With its opening moments, 1883 offers a stirring glimpse of Elsa Dutton’s tragedy. But it would take the entire season to reveal the truth. Be warned of significant spoilers for 1883 ahead.
As the premiere of prequel series 1883 hit, audiences were expecting a historical Western akin to Yellowstone. But what we got instead would prove far more powerful.
At the heart of it all is Elsa Dutton (Isabel May), daughter to James and Margaret Dutton (Tim McGraw & Faith Hill). And it is her words that pull us immediately back into the past:
“Some called it the American Desert. Others, the Great Plains. But those phrases were invented by professors at universities. Surrounded by the illusion of order. And the fantasy of right and wrong. To know it, you must walk. Bleed until it’s dark. Drown in its rivers. Then its name becomes clear. It is Hell. And there are demons everywhere.”
From the epic’s first scene, Elsa cast us into this Hell that was the Westward Expansion – a time scarred by the war between Indigenous Peoples and the continuing onslaught of European settlers. Behind her, a wagon we assume to be her family’s burns fiercely. Elsa herself is face-down in the field; her freckled skin caked with dirt and ash.
She gathers her strength, dragging herself up from the dry grass. Carnage unfurls around her as Indigenous warriors shoot down her immigrant party. As she comes to, she is met with a fierce Indigenous warrior. He aims to sell her. But if 1883 shows us anything, it’s that Elsa Dutton was never going down without a fight.
‘1883’s Premiere Opens On the Tragedy of Elsa Dutton, But It Takes the Entire Series Before We Learn the Truth
The Dutton daughter scrambles for the gun of a fallen man. She aims the pistol at her attacker in protest. A bow and arrow is raised from his horseback to match her.
“I said no!” he shouts to her.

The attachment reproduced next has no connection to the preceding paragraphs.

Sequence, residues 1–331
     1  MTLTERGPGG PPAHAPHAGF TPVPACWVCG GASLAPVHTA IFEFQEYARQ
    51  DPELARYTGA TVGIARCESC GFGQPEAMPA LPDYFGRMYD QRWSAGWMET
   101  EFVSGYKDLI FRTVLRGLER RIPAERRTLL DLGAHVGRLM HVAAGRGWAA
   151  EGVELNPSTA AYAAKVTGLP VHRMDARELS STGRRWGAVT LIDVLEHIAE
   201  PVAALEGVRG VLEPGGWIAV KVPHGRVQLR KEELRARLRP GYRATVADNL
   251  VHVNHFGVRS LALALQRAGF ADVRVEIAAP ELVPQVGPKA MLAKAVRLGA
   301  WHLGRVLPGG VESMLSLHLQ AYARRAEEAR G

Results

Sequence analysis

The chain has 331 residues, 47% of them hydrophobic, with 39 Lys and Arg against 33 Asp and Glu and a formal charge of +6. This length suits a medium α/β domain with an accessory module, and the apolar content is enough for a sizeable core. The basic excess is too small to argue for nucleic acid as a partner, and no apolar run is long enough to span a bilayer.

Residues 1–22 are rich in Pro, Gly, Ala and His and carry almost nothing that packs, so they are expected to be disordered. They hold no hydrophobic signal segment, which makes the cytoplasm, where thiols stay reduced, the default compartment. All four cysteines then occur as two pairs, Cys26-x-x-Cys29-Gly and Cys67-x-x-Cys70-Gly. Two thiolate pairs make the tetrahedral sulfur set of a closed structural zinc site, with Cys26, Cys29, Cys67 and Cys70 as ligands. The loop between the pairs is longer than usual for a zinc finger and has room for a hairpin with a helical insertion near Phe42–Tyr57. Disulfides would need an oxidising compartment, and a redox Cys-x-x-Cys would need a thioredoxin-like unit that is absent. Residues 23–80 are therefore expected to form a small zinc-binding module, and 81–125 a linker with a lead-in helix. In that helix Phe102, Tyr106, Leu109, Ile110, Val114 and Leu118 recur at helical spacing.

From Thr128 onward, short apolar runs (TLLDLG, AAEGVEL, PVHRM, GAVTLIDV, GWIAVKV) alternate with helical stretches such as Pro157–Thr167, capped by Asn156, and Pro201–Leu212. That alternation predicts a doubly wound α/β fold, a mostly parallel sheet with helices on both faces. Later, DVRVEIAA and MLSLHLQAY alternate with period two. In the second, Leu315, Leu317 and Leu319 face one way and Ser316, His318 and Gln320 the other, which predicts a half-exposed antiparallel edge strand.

“Will you let me go?” Elsa asks.
“I will sell you. Or I will kill you,” he spits in return.
“You speak English! How can you do this?” she screams amidst the smoke and falling bodies.
“You speak English. And all your people do this,” the warrior replies.
In a rage, Elsa manages to right herself, landing a fatal blow through the skull of her attacker with the revolver. But as she does, an Indigenous arrow lets loose, piercing the girth of her torso.
A blood-curdling scream escapes her lips as she marches into her attackers – arrow intact -firing wildly at those who remain. This is how 1883 begins. And it is the beginning of Elsa’s end.
8 Episodes Later, ‘1883’ Shows What Truly Happened to Elsa Dutton
“But if this is Hell, then I must be a demon, too. And I’m already dead.”
Through this captivating opening, audiences are left wondering for the remainder of the season. Will Elsa Dutton die? Or was this simply some sort of fever dream, and not premonition?
As the show races on, it becomes clear that 1883‘s opening scene was, in fact, to come true. And the details are laid out for all to see.
By Episode 9, ‘Racing Clouds,’ the Duttons are crossing Comanche and Lakota territory. There, Elsa’s father, Shea Brennan (Sam Elliott), and Thomas (LaMonica Garrett) come upon a Lakota camp made up of traders their wagon party has traded with peacefully prior. Or so it was. Every Comanche – women and children – is dead.
“Whoever did this did it for sport…” Shea scowls. James Dutton surveys the area, but Shea rages for him to stop.
“Whoever sees this now is going to think we did it!” the old captain curses. Lakota horses ride un-horseshoed. Settlers do not. And now, the horseshoe tracks of the white man’s horse are all over the Indigenous camp.
As Shea predicted, the Lakota warriors come for their slain women and children. They hold nothing back, and in the carnage, flashes of Elsa’s horrifying Episode 1 opening come true. It is in this moment that 1883 comes full circle to the tragedy – and fate – of Elsa Dutton.